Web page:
Mark Reads ‘I Shall Wear Midnight’: Chapter 9, Part I

In the first part of the ninth chapter of I Shall Wear Midnight, Tiffany heads home, only to discover something terrible there. Intrigued? Then it’s time for Mark to read Discworld. 

Trigger Warning: For discussion of abuse

Ah, the comforts and annoyances of the big city. It’s interesting to me that I grew up in a place with a lot of space. I lived right next to a wildlife preserve in Riverside, and my school’s cross country course was alongside that. I hiked a ton, and our backyard was a quarter of an acre. I’m used to one story homes, so much so that I thought all the homes with stairs on TV and in movies were fake. (My school also didn’t have lockers, so there’s that, too.) Yet I craved the culture and the experience of big cities. The first “big” city I ever got to see was downtown Los Angeles on a school trip, and this was in the early 90s, back when downtown LA was not the hipster-controlled, gentrified nightmare it is today. Or, for that matter, when I lived there in the 2000s near Skid Row! I was transfixed by how all the tall buildings were jammed together and enamored with how many people there were everywhere. There were people with my skin color and darker selling food from carts on the sidewalks, which we had in Riverside, too, but not at the same frequency. I wanted to be there, to make friends with the street punks and get music recommendations from them, to discover what kind of life you could live with so many others in close proximity. 

Every so often, like Tiffany does here, I crave the empty sky and open space. (I find myself craving the desert a lot these days, which is weird as hell given how damn hot it is all the time, but I find dry heat more tolerable than humidity.) So, I come at this from a completely different place as Tiffany, who needs the open sky, but I still understood her in the opening scene of chapter nine. She was not of the city, and she needed to return home. There’s another reason for that, too, that comes up later: she wanted to fight the Cunning Man on her home ground, not in a place like Ankh-Morpork.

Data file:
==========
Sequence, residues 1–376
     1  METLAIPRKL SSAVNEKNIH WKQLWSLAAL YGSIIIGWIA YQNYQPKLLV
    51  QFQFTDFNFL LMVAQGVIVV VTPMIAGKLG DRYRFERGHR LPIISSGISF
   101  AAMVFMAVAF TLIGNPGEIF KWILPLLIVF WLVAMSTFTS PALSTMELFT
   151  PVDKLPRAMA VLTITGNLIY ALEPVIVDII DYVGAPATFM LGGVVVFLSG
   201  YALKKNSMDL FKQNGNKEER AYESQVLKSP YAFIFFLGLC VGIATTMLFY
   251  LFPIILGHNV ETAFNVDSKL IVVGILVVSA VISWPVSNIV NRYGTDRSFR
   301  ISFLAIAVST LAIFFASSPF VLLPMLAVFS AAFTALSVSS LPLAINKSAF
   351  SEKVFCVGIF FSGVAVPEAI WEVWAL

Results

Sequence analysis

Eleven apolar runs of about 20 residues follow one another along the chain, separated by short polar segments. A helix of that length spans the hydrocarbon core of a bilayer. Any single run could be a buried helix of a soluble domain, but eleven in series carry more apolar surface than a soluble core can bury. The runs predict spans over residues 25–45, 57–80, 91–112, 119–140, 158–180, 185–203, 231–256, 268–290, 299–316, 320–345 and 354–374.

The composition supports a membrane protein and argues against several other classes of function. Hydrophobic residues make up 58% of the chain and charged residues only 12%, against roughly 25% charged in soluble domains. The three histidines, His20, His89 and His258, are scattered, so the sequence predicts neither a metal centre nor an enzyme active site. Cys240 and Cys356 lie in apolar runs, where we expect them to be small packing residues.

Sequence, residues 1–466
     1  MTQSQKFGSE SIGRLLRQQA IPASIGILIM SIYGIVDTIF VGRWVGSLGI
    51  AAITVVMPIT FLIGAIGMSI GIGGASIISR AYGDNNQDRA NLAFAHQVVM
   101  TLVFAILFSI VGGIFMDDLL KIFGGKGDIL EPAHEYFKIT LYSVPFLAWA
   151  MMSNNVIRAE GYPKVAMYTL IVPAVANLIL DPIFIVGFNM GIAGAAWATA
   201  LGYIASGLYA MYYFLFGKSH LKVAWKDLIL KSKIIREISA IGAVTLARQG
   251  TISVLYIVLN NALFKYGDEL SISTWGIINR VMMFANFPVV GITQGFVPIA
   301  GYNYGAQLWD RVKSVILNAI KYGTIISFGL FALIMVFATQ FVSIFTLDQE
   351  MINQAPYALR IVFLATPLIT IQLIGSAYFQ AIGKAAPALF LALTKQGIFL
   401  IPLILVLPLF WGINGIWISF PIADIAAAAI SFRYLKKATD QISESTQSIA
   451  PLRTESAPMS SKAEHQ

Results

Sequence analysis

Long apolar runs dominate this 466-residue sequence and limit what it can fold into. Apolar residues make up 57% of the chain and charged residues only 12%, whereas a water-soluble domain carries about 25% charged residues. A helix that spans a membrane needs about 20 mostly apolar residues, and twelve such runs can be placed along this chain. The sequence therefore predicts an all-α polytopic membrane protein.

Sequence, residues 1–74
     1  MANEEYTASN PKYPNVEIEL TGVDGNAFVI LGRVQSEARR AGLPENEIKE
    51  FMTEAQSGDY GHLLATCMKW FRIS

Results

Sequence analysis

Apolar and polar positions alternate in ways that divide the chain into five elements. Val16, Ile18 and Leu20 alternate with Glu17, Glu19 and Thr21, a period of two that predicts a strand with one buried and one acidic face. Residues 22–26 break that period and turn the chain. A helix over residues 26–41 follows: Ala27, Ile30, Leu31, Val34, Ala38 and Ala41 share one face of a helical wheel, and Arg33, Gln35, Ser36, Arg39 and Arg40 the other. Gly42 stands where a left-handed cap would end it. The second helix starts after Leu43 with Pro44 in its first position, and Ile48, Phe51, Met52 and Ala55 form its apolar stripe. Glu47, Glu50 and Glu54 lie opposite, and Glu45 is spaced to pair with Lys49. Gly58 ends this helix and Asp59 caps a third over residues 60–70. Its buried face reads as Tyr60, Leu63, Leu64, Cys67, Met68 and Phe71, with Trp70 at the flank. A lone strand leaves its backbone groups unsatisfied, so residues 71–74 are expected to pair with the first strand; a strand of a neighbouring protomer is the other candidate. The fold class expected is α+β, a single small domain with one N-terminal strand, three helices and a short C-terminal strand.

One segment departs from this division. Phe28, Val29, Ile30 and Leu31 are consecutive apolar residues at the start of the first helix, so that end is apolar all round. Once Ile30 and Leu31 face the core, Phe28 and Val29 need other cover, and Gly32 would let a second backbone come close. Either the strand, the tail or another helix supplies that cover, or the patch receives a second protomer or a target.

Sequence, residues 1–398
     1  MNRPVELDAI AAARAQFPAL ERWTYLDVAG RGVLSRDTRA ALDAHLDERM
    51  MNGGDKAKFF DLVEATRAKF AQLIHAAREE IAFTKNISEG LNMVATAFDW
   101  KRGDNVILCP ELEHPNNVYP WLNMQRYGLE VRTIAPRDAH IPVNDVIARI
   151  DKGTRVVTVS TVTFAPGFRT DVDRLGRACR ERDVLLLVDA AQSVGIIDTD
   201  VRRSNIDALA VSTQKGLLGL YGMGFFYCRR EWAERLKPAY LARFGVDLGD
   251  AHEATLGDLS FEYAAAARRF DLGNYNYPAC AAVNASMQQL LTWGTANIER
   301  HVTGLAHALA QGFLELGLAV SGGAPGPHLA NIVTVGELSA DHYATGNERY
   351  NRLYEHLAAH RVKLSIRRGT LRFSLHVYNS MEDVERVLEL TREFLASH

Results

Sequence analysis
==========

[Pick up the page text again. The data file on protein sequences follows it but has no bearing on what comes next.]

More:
That battle, by the way, is one that Mrs. Proust is well-equipped to handle, which wasn’t surprising. She’s a city witch, and she uses the city itself to her advantage in a way that Tiffany wouldn’t think of instinctually. That doesn’t mean I should discount how scary this is, because HOLY SHIT, it’s terrifying how willing these men are to threaten Mrs. Proust. They fully intended to harm her! And so, in self defense, she uses the city: she pulls up a stone in the pavement to trip one man. For the other, she brings the “equestrian statue of Lord Alfred Rust” to life, which kicks the man’s legs out from under him and knocks him out, and then RIDES OFF ON IT. Actually, that’s not quite that accurate because she also tries some unconscious advertising on one of the dudes. Who knows? It might work.